Of the surveyed payers, 80% report that they are somewhat or very likely to cover a product with more robust clinical trials rather than a fast-tracked product. Many payers, especially the larger ones, are likely to take a wait-and-see approach for expedited drugs. They may institute a mandatory six-month or twelve-month block on new therapies, which gives the P&T committee more time for data to accumulate before final coverage is determined.

In the absence of long-term data, many payers will choose to cover an expedited drug sparingly. For drugs approved via accelerated pathways using limited clinical data, 50% of surveyed payers say they are most likely to require a medical exception request and review process, while 10% say they are most likely to issue restrictive prior authorizations. Only 40% say they are likely to review the drug just as they would a standard-approval drug.

A majority of payers (60%) say they are also moderately or very concerned about reduced transparency regarding the results of all clinical trials conducted for a particular drug. Some noted that when data is only available through abstract posters, rather than reviewed journals, it’s difficult to assess the full scope of trial data.

Others commented that there should be full disclosure of all of the clinical trials, including their strengths and weaknesses, which were reviewed and which weren’t, and the manufacturer’s rationale for considering some trial data and not others. Reduced transparency “makes it more difficult, for the drug in question, to establish meaningful utilization (PA) criteria if data about inclusion/ exclusion criteria, side effects, or other important study parameters are not available,” said one Pharmacy Director/Clinical Pharmacist.

Developing an effective launch strategy

In light of this information, manufacturers of breakthrough drugs must be aware of the ramifications of expedited approval on their launch trajectory. While some physicians are accustomed to requesting medical exceptions for their patients, for many others, this process is likely to be viewed as too much of an administrative burden—and they will instead prescribe an alternative therapy.

To set realistic expectations for launch, manufacturers of drugs approved via an expedited process should conduct an analog analysis of other fast-tracked therapies. By choosing relevant, analogous market access scenarios, manufacturers can accurately anticipate how payers are likely to respond to their drug at launch. This valuable information can help manufacturers target the right payers and providers, develop a strong physician education program, and adjust their market access strategy to accommodate likely restrictions.

Manufacturers should also keep in mind the breadth and depth of the data payers want. As one Pharmacy Director/Clinical Pharmacist said, payers are interested in “complete transparency on inclusion/exclusion criteria,” as well as “transparency on how subjective endpoints were measured, e.g., as endpoints related to patient-reported outcomes.” Others noted their organization’s desire for full disclosure about failed trials, cost offsets, off-label use, and other indications being tested.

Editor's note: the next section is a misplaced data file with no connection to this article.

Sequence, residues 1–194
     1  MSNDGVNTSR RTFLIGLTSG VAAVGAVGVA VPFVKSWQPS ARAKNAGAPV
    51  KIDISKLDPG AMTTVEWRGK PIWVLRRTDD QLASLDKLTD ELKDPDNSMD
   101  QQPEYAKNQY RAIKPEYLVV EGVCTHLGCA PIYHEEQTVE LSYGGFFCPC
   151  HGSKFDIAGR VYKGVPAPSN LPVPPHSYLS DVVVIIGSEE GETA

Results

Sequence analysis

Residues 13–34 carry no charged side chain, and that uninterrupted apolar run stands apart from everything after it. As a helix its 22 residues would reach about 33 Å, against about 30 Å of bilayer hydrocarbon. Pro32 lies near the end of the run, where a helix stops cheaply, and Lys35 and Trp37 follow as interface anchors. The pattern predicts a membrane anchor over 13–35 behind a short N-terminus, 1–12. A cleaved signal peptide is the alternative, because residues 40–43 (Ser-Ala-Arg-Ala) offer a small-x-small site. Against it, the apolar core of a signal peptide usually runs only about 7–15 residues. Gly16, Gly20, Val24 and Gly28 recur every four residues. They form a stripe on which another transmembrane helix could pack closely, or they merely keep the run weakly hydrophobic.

Manufacturers might be able to persuade payers not to require medical exceptions if they provide not only the pivotal trial results that led to the drug’s approval, but also proof that those results can be considered clinically meaningful. Providing a transparent recap of clinical trial data will be met with gratitude from payers who are simply looking to reduce risk when bringing new drugs that were fast-tracked to the P&T committee.

The benefits gained from fast tracking novel drugs are numerous, as long as everyone is aware of the potential risks and is committed to working together to mitigate them. Manufacturers can begin to turn a profit on their new drug, which will allow them to invest in additional research and even more new therapies. Doctors with qualifying patients can save more lives. And most importantly, patients waiting for drugs to be approved so they can begin treatment will be able to access life-saving treatments faster.


To see how MMIT can help you predict uptake of your new expedited-approval therapy, learn more about our Strategic Launch Report & Evaluate Forecast. For more research on payer perspectives, learn about MMIT’s Biologics & Injectables Index.

© 2024 MMIT
Carolyn Zele

Carolyn Zele

As a solution consultant for MMIT, Carolyn Zele helps pharmaceutical manufacturers simplify market access and prepare for launch success. Prior to MMIT, Carolyn spent numerous years in the payer/PBM space managing formulary teams and technology across both regulated and non-regulated lines of business.